Item 40 is a campaign banner for a man who, I think, most whites and blacks, Protestants and Catholics, can agree was one of our worst presidents. It is The Democrats Choice for President & Vice President from 1853 to 1857. The Democrats' choice for President was New Hampshire's Franklin Pierce, the quintessential northern man with southern principles. Pierce essentially fiddled while Rome burned. Unlike his comparably mediocre successor, James Buchanan, who gave in to the South at every turn hoping to stave off secession, Pierce's sympathies were aligned with his southern brethren. Equal billing is given to William King, Pierce's running mate. King was sort of the William Henry Harrison of vice-presidents. Ill with tuberculosis, he traveled to Cuba, hoping the mild climate would aid his recovery. TB doesn't work that way. As a result, he was given his oath of office in Cuba, but died barely a month later without ever making it to Washington. This hand-colored banner was created by lithographer Nathaniel Currier, later noted for his partnership with James Ives. $850.

 

David M. Lesser Fine Antiquarian Books may be reached at 203-389-8111 or dmlesser@lesserbooks.com. Their website is www.lesserbooks.com.

Rare Book Monthly

  • <b>19th Century Shop:</b> Charles Darwin on sexuality and the transmission of hereditary characteristics: Autograph Letter Signed to Lawson Tait. Down, 17 January [1877].
    <b>19th Century Shop:</b> MILTON, JOHN. <i>Paradise Lost. A Poem written in ten books.</i> London: 1667. A very rare example with the contemporary binding untouched and with a 1667 title page.
    <b>19th Century Shop:</b> Hamilton secures the ratification of the Constitution: <i>The Debates and Proceedings of the Convention of the State of New-York, assembled at Poughkeespsie, on the 17th June, 1788.</i>
    <b>19th Century Shop:</b> The social contract “Man is born free, and everywhere he is in chains”: ROUSSEAU, JEAN-JACQUES. <i>Principes du Droit Politique [Du Contract Social]</i>. Amsterdam: Michel Rey, 1762
    <b>19th Century Shop:</b> “The first English textbook on geometrical land-measurement and surveying”: BENESE, RICHARD. <i>This Boke Sheweth the Maner of Measurynge All Maner of Lande…</i>
  • <b>Bonhams: September 25, New York</b>
    <b>Bonhams, June 12 results:</b> Ernst, Max. <i>Mr. Knife and Miss Fork</i>. Paris, 1932. DELUXE EDITION. Sold for $15,625
    <b>Bonhams, June 12 results:</b> Cage, John. Autograph musical leaf from his Concert for Piano and Orchestra, NY, 1958. Sold for $18,750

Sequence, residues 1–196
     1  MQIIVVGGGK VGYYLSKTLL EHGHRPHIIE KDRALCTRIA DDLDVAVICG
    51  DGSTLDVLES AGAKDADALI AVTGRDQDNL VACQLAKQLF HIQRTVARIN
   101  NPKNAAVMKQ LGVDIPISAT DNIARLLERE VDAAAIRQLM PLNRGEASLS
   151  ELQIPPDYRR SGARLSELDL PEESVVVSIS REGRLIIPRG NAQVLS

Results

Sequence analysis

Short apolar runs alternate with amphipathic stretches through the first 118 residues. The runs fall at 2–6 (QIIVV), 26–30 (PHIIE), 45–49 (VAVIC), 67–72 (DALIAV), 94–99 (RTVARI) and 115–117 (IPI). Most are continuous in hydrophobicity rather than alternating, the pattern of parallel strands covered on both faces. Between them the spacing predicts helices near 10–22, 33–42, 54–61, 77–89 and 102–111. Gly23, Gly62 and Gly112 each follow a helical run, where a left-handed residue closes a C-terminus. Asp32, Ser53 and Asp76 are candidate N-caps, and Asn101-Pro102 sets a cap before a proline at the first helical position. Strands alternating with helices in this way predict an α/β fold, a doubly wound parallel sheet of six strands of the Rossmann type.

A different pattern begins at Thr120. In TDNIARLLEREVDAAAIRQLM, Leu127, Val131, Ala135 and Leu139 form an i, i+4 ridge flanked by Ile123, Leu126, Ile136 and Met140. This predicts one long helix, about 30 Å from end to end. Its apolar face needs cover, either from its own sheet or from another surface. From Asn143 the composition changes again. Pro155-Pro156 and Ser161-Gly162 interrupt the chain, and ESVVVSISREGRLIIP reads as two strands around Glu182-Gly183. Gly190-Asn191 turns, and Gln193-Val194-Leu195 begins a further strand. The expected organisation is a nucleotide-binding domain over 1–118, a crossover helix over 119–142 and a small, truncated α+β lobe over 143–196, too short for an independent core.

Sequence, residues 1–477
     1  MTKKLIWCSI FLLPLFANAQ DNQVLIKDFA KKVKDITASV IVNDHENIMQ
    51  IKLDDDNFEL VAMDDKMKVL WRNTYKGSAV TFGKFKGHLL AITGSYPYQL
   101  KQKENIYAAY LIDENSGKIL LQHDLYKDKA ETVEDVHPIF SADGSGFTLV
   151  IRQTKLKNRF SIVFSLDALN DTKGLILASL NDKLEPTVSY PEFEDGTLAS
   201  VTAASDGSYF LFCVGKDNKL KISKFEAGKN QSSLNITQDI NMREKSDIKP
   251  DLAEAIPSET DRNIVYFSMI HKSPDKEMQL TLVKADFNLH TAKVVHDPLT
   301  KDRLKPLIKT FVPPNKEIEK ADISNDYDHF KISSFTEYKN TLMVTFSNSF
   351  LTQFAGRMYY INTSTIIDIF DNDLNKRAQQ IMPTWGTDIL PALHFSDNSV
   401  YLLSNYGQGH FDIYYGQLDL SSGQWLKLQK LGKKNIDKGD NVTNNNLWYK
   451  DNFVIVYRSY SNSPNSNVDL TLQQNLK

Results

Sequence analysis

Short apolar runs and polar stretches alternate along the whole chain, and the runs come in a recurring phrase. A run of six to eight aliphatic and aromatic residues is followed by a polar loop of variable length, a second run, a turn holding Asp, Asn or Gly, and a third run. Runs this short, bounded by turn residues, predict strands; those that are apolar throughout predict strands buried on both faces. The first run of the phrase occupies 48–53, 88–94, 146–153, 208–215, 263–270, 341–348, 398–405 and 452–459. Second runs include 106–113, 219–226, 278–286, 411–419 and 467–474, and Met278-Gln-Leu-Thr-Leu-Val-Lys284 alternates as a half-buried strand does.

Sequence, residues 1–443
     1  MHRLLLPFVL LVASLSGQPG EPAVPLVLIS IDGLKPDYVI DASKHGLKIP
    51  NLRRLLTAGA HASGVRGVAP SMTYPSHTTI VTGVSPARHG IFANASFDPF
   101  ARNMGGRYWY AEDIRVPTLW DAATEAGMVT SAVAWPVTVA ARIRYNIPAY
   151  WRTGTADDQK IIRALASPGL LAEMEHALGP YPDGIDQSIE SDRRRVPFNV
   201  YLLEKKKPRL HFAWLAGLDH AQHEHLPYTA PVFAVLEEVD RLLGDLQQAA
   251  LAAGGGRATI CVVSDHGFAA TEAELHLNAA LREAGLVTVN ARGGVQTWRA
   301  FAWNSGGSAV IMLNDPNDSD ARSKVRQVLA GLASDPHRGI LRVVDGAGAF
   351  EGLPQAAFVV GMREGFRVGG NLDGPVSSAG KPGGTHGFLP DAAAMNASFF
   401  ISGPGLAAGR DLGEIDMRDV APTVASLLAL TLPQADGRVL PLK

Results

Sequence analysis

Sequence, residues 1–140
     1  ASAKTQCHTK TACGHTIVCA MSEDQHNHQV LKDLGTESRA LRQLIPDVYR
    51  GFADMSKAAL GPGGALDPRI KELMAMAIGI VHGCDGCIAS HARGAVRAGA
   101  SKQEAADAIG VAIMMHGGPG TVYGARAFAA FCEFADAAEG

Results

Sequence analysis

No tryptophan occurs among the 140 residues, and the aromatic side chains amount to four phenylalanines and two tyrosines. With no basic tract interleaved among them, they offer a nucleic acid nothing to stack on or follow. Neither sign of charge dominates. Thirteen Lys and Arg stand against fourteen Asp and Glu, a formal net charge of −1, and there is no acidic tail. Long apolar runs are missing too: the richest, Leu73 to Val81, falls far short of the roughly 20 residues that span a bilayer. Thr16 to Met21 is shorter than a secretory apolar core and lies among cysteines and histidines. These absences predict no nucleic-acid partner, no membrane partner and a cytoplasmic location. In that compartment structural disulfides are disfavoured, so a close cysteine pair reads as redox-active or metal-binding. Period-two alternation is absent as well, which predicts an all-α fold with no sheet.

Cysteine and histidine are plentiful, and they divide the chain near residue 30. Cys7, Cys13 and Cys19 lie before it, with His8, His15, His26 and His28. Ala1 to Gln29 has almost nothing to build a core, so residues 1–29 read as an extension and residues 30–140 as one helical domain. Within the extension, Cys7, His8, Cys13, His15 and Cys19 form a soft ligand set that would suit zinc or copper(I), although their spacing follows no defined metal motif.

<b>Bonhams, June 12 results:</b> Cage, John. Autograph musical leaf from his Concert for Piano and Orchestra, NY, 1958. Sold for $18,750
    <b>Bonhams: September 25, New York</b>
    <b>Bonhams, June 12 results:</b> Einstein, Albert. Signed Passport Photo for his US citizenship application. Bermuda, 1935. Sold for $17,500
    <b>Bonhams, June 12 results:</b> Verard, Antoine. Illuminated printed Book of Hours. Paris, 1507. Sold for $7,500
    <b>Bonhams, June 12 results:</b> Wetterkurzschlussel. German Weather Report Codebook - for Enigma use. Berlin, 1942. Sold for $225,000
    <b>Bonhams: September 25, New York</b>
    <b>Bonhams, June 12 results:</b> Morelos y Pavon, Jose Maria. Autograph letter signed to El Virrey Venegas, February 5, 1812. Sold for $6,250
    <b>Bonhams, June 12 results:</b> Milne, A.A. Complete set of <i>Winnie-the-Pooh</i> books. 4 volumes. All first issue points. London, 1924-1928. Sold for $5,250
    <b>Bonhams, June 12 results:</b> A 48-star American Flag, battle worn flown at Guadalcanal and Peleliu, 1942-1944. Sold for $35,000
    <b>Bonhams, June 12 results:</b> Locke, John. Autograph Letter Signed mourning the death of his friend, William Molyneaux, 2 pp, October 27, 1698. Sold for $20,000
  • <b>Chiswick Auctions: Summer Books. August 22, 2018</b>
    <b>Chiswick Auctions, Aug. 22:</b> Adams (Richard). <i>Watership Down,</i> FIRST EDITION, author inscription on front free end paper, folded map tipped in, original boards, dust-jacket. £800 to £1,200
    <b>Chiswick Auctions, Aug. 22:</b> Bowles (John). <i>Several Prospects of the Most…la Ville de Londres, avec des Remarques Historiques fort Succinctes, qui les Regardant,</i> 20 double page engraved plates only, of 23, 1724. £200 to £300
    <b>Chiswick Auctions, Aug. 22:</b> Auden (W.H.). <i>Our Hunting Fathers,</i> FIRST SEPARATE EDITION, 1 of 22 copies, COPY B OF 5 PRINTED ON NORMANDIE, original patterned wrappers, Cambridge, for Frederic Prokosch, 1935. £800 to £1200